Link blog: economics, consciousness, programming, fandom

Git Immersion – Brought to you by EdgeCase

Looks like a nice introduction to the "git" version control system. Must get round to understanding that one of these days.
(tags: programming version-control git development tutorial software tools)

I’m starting to think that the Left might actually be right – Telegraph

In the Torygraph of all places.
(tags: politics economics journalism murdoch news telegraph)

philosophy bites: Nick Bostrom on the Simulation Argument

"Nick Bostrom doesn't rule out the possibility that he might be part of a computer simulation. Find out why in this episode of the Philosophy Bites podcast." Hard to fault the argument, as far as I can tell, though I should probably check how people have responded to it.
(tags: philosophy computers consciousness simulation nick-bostrom transhumanism)

fic: the joinery (game of thrones) (1/2)

A nice alternate history of A Game of Thrones from Cersei's perspective: what would have happened if Ned had taken the throne instead of Robert? Spoilers for the first book/TV series.
(tags: fandom fanfic game-of-thrones books cersei/ned)

7 thoughts on “Link blog: economics, consciousness, programming, fandom”

  1. On that Nick Bostrom podcast:

    Written language is one of the greatest of human inventions: it has 10 times the communications efficiency of spoken language. So podcasts are a horribly retrograde step. Just publish the transcript, dude.

    In any case, there are only two things one can usefully say about the Simulation Argument:

    1. There’s no evidence for it.
    2. There’s no evidence against it.

    1. Strongly agree about podcasts.

      Mostly disagree about the Simulation Argument, or at least about the general principles that presumably underlie what you say. (1) An *argument* isn’t the right kind of thing to have evidence for or against. (2) The proposition “we are in a simulation” can certainly have evidence for or against it (roughly the same sort of evidence as there could be for or against interventionist gods). (3) An argument with some controversial premises in it (like the SA) can be attacked or defended by attacking or defending its premises. At least some of the premises of the SA seem to me to have evidence for and against them.

      Of course, perhaps you’d agree with all that but say that what can be said about the SA isn’t *useful*. You might be right. I wonder whether the observations that there isn’t direct evidence for or against it are any more useful, though.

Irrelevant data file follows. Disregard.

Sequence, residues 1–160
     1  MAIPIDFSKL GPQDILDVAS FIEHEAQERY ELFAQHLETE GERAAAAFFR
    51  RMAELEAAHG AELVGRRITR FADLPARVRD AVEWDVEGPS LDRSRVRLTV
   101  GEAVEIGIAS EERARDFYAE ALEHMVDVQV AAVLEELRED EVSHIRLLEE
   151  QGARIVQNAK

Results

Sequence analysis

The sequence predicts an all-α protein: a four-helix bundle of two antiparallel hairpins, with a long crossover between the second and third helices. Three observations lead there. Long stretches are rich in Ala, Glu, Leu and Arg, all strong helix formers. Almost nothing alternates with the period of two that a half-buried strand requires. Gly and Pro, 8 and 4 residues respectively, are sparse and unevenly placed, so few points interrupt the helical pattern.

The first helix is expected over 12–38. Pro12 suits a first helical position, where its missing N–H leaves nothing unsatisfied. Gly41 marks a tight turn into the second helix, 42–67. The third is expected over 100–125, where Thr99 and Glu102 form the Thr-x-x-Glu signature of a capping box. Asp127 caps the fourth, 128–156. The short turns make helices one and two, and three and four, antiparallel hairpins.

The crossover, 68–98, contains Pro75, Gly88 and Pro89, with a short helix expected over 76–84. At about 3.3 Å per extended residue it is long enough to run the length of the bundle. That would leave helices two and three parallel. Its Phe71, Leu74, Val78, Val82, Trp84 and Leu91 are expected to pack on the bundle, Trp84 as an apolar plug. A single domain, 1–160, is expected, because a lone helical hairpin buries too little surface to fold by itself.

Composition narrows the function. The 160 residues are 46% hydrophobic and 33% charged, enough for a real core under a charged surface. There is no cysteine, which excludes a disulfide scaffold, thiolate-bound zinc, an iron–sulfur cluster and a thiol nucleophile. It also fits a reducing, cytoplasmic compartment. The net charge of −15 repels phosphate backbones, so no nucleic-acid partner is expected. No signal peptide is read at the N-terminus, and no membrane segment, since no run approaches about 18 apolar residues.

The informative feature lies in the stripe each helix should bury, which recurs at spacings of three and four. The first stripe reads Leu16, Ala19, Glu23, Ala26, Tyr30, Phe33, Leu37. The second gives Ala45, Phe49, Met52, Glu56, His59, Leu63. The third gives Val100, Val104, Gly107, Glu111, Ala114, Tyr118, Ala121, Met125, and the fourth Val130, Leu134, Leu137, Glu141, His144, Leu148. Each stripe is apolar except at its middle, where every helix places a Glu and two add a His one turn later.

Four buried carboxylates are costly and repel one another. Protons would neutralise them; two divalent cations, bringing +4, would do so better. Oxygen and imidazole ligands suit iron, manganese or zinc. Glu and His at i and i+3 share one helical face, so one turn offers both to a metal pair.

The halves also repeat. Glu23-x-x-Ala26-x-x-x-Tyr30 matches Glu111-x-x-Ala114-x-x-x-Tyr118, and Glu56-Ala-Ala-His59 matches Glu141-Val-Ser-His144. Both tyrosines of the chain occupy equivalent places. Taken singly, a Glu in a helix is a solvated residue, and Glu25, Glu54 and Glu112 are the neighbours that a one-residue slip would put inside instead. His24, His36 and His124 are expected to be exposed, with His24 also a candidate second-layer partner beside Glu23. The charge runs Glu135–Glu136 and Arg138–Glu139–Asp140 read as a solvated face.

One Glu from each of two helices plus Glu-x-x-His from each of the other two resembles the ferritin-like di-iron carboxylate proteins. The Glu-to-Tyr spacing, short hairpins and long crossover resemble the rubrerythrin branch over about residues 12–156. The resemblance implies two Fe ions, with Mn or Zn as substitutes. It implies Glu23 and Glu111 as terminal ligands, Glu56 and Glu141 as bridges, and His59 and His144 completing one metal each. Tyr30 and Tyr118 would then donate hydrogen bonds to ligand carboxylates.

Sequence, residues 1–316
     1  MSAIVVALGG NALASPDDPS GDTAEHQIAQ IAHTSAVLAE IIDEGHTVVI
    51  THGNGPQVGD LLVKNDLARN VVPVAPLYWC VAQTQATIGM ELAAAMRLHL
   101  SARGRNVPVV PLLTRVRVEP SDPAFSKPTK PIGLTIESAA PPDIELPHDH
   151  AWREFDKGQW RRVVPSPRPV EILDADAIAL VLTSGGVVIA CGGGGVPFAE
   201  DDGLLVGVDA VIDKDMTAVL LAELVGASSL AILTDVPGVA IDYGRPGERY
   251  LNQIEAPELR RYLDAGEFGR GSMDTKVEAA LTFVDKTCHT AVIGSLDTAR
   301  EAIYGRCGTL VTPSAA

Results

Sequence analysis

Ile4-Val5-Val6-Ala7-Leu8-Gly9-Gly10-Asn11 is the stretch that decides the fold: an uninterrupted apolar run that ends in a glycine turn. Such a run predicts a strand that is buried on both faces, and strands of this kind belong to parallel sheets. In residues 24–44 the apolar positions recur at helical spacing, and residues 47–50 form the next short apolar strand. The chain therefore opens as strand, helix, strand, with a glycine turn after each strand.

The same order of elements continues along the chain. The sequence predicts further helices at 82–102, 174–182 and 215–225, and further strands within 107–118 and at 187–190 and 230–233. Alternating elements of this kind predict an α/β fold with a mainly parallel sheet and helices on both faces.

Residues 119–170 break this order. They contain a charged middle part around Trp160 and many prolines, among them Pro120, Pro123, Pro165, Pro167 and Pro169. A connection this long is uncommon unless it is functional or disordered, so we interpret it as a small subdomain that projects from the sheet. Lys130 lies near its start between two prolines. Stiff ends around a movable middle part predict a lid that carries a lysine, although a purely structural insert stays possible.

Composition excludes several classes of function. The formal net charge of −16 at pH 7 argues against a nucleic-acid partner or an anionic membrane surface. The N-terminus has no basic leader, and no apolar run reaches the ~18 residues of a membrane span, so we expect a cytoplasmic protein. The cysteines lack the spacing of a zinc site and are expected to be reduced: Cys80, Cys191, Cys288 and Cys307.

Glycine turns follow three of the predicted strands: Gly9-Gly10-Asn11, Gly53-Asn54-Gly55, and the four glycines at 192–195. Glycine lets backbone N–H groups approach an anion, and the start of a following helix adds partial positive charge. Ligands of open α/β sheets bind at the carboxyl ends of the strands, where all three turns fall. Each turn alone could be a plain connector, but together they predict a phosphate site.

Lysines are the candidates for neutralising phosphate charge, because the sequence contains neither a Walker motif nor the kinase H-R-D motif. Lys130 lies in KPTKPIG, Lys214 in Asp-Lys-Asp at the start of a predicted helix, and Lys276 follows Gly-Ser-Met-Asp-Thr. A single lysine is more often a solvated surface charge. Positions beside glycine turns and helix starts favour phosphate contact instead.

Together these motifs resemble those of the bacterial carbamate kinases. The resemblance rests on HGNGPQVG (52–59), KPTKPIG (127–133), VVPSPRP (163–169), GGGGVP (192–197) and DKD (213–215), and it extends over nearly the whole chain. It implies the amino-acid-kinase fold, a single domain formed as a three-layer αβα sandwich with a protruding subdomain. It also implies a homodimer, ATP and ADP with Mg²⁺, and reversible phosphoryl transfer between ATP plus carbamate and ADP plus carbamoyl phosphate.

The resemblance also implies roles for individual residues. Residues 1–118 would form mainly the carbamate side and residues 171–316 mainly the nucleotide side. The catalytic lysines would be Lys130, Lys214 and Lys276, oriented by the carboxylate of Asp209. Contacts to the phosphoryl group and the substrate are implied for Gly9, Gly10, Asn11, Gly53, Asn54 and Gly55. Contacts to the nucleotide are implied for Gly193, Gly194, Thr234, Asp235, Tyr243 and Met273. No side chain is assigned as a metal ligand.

1. I agree with everything you say, but sometimes you just have to be a bit unfair in order to for a joke to work.

        (1)+(3) I think it’s fair to use “Simulation Argument” as a shorthand for the conclusion to that argument, “Unless we are now living in a simulation, our descendants will almost certainly never run an ancestor-simulation.” (I’m basing this on his 2003 paper, since obviously I haven’t listened to the podcast.) This is based on empirical claims for which there could be evidence for or against, but the uncertainties are so vast that they make the Fermi paradox look like a rigorous derivation.

        (2) I certainly concede that there could be evidence for the proposition “we are in a simulation”, but as far as I can tell there isn’t actually any.

        Mostly I think that this kind of cosmological speculation is more entertainingly done in the form of science fiction.

        1. I in turn agree with everything you say (but sometimes you have to be a bit cranky in order for a pedantic nitpick to work). Just one remark: if there could be evidence for X but there isn’t, then that is itself evidence against X, though not necessarily very much evidence.

          1. Speaking of science fiction, I’ve just finished Adam Roberts’ Polystom, in which (spoilers ahead) the characters build a detailed computer simulation of a civilisation, only to find that the simulated civilisation starts to construct their own computers which are even faster than the computer on which they are being simulated. The only logical conclusion is that they have been mistaken all along about who is simulating whom…

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